FILM: Tower Heist (12A)

Published date: 08 November 2011 |
Published by: David Waddington
Read more articles by David Waddington


HIGH-RISE crime is given a comedic spin this week in Stiller and Murphy team-up Tower Heist. 

Life for the residents residents of exclusive New York apartment block The Tower is near perfection thanks to the dedicated staff led by building manager Josh Kovacs (Ben Stiller).
But when tenant and influential investor Arthur Shaw (Alan Alda) is accused of losing millions of invested funds - including the pension schemes for the workers at The Tower - it is up to 'the help' to steal it back.

Backed-up by thief Slider (Eddie Murphy), the gang attempt to take on a devious financial titan and win.
That is, if they can find his missing millions first.

So so

Director Brett Ratner is no stranger to action-comedies having helmed the hit and miss Rush Hour trilogy (as well as providing the most questionable X-Men film of the series with Last Stand).

While Tower Heist may not be the most memorable movie of the year so far, it falls in line with Ratner’s ‘enjoyable but not earth-shattering’ approach as he tackles grand larceny.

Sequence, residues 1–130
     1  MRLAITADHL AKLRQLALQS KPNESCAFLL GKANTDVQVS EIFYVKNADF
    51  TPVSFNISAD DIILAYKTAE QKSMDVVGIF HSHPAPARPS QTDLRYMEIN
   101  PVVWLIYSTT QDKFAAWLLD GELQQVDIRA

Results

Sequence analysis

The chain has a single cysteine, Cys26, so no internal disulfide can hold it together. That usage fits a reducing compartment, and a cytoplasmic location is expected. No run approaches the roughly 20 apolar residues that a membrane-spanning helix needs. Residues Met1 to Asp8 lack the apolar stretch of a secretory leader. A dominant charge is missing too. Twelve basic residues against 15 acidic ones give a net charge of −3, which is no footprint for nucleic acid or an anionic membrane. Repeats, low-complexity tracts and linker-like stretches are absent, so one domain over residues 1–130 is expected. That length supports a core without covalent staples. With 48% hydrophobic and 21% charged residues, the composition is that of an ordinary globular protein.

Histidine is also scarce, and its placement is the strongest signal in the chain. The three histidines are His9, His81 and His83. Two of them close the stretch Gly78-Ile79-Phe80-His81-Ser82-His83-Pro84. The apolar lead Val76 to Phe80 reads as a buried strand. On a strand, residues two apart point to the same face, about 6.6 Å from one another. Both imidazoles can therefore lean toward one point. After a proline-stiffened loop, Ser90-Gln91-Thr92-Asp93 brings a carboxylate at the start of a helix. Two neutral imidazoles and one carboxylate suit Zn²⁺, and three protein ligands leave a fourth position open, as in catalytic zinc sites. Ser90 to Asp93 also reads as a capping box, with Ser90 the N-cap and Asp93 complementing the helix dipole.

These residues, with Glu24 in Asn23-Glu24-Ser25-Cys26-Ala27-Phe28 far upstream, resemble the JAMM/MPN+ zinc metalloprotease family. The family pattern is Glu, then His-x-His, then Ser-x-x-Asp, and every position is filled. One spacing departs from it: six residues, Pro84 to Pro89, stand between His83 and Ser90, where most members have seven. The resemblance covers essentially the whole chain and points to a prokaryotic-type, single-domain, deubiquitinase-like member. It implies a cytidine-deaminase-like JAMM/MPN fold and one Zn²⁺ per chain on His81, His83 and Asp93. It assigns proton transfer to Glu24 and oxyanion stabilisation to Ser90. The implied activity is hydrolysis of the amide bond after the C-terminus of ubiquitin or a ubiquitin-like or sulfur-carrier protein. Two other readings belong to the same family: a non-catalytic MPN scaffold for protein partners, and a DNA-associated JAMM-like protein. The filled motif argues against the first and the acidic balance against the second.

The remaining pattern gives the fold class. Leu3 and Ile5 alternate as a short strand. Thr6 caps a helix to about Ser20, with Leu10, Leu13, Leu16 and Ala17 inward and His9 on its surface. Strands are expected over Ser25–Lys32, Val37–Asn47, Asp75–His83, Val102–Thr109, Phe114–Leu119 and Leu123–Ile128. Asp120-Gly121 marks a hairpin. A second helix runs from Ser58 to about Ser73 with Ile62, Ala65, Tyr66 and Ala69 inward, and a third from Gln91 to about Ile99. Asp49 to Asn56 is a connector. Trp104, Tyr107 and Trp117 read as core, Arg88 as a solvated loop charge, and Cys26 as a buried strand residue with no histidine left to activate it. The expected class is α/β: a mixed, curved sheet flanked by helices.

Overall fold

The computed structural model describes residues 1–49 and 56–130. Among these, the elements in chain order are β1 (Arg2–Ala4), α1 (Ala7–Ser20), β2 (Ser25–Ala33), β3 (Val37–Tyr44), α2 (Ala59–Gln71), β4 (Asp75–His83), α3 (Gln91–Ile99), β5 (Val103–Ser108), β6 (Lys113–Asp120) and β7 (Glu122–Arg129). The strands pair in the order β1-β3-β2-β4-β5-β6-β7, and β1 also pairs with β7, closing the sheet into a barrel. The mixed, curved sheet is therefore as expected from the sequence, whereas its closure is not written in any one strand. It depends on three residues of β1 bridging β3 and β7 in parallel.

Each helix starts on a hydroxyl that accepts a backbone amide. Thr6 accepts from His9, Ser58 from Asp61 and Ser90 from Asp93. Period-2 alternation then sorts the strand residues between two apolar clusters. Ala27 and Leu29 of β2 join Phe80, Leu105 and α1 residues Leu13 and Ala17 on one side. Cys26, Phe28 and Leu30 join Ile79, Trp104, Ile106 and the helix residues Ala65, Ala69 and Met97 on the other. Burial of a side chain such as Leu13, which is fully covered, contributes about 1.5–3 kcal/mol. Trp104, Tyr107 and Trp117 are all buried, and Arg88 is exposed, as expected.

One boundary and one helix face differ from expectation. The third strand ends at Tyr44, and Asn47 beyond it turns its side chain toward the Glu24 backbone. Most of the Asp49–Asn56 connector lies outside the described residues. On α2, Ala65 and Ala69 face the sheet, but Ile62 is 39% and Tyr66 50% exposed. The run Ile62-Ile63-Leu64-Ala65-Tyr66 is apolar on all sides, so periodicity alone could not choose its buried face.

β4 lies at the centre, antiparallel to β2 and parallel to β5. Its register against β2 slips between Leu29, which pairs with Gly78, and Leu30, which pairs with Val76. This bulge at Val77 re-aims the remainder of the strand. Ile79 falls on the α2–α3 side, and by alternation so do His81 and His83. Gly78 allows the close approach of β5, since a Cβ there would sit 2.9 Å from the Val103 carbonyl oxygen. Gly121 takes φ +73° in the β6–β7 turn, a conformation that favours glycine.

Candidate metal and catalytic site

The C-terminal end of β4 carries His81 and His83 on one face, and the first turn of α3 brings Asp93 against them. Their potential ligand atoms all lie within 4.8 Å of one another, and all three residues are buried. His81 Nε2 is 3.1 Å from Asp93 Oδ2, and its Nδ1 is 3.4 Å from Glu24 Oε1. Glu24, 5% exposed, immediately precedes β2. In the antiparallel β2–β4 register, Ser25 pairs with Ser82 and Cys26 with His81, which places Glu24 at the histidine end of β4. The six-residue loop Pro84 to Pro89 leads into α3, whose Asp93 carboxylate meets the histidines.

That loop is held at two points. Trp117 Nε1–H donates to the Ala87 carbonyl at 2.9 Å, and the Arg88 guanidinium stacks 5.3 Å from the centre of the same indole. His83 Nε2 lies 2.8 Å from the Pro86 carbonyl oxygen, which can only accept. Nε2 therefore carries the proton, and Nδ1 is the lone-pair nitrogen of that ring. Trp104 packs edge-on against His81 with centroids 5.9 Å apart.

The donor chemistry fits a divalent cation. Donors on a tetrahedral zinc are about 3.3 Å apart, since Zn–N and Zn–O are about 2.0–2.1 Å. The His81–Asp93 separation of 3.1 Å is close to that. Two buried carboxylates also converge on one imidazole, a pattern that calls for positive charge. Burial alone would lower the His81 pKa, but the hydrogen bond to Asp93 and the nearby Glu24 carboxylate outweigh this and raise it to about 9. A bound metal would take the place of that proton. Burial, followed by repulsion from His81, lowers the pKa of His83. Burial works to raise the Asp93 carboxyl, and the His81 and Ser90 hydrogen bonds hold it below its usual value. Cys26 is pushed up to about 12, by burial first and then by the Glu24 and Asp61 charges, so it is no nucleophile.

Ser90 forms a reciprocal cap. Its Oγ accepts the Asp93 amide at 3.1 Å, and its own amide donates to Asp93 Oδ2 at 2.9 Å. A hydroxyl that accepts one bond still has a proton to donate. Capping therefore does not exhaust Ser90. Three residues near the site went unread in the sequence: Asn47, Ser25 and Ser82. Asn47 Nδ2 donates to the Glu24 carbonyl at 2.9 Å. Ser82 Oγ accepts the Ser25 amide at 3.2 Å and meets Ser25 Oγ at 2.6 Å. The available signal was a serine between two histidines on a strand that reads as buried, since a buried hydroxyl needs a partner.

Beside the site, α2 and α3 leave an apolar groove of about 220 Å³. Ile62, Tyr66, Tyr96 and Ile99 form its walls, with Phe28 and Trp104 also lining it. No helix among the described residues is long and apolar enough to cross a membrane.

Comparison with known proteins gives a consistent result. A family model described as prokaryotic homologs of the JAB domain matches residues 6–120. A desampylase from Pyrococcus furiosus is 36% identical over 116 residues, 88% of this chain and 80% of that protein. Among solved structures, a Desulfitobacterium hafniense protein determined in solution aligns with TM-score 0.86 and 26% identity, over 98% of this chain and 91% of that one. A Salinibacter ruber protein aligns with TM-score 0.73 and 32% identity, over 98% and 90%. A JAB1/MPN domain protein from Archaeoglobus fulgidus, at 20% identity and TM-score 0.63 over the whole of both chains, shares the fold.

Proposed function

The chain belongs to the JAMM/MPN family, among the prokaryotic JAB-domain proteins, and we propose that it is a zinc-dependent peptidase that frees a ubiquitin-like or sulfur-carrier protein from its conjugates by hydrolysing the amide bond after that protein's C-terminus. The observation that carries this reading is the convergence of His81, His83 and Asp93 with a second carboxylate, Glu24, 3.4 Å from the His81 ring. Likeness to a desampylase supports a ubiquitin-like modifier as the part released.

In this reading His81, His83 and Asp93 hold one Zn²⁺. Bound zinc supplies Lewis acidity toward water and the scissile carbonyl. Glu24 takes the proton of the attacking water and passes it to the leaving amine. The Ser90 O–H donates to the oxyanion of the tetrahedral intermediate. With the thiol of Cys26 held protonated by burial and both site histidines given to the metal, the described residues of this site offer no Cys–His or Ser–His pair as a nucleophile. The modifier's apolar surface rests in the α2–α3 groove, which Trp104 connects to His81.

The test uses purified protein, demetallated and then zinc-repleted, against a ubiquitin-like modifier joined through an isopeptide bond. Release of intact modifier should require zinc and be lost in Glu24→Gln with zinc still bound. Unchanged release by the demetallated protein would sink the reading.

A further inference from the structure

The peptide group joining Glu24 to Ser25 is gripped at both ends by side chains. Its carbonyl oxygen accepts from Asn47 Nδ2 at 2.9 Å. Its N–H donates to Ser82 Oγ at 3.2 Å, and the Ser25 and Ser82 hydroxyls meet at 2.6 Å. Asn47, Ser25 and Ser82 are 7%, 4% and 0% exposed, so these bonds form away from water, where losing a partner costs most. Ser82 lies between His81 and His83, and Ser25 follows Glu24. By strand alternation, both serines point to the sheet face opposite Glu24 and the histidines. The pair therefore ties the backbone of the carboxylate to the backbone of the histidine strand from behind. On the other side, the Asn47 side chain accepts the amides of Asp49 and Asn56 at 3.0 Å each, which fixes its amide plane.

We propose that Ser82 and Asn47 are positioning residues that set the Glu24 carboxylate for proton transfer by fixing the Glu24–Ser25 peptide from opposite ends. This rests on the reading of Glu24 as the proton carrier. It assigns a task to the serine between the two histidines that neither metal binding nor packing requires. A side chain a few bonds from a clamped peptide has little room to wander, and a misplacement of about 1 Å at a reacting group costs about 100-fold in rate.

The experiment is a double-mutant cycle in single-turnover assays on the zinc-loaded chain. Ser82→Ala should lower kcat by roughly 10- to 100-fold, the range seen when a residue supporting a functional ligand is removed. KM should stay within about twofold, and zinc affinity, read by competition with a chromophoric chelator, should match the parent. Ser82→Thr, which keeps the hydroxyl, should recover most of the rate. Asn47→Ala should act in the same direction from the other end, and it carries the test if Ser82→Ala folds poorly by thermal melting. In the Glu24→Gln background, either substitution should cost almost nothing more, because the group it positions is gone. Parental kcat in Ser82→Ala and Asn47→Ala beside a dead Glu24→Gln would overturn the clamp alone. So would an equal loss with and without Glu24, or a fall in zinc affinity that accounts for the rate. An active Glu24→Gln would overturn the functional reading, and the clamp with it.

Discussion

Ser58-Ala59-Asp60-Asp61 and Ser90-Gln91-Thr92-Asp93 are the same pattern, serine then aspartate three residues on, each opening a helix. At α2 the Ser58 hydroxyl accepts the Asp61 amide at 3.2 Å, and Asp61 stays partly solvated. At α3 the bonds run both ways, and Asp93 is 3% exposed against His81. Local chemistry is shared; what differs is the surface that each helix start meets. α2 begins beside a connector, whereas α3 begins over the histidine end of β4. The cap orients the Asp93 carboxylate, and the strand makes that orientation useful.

A low-rent, bumbling Ocean’s Eleven may have already been done with 2002’s often over-looked Welcome To Collinwood, but Tower Heist shreds indie-credentials for a more mainstream offering with plenty of Lethal Weapon-esque banter and fast-talking quips.

Little new

Stylistically the New York locations and simple aesthetics offer little original until the final act, where the incongruous worlds of car theft and skyscrapers collide.
But where the film excels is in the casting.

A gaggle of Oscar nominees including Casey Affleck, Alan Alda, Judd Hirsch and Gabourey Sidibe complement the ensemble casting; offering a stereotypical band of characters, which (mostly) side-step the cliché.

But this is a Stiller/Murphy vehicle.

Eddie Murphy takes a break from voicing animated donkeys or adorning a variety of fat suits in sub-par family friendly fodder to return to more adult comedy. 
And the result is thankfully welcoming.

Not quite the return to form in fare such as Trading Places or Beverly Hills Cop, his quick-witted delivery and venomous tongue offers reminders of his former glory.
 Stiller on the other hand leaves audiences wanting. 

The occasional quip lands but it is obvious the role was not written with the Tropic Thunder star in mind (with a patch of jarring rewrites more akin to his particular brand of humour papering the cracks).

 Tower Heist may be touted as an action-comedy, but fails to offer enough of either.
Nevertheless, for easy popcorn viewing, Ratner has another floor-riding entertainer propped up by a sterling cast.
6/10 - Middle floor.

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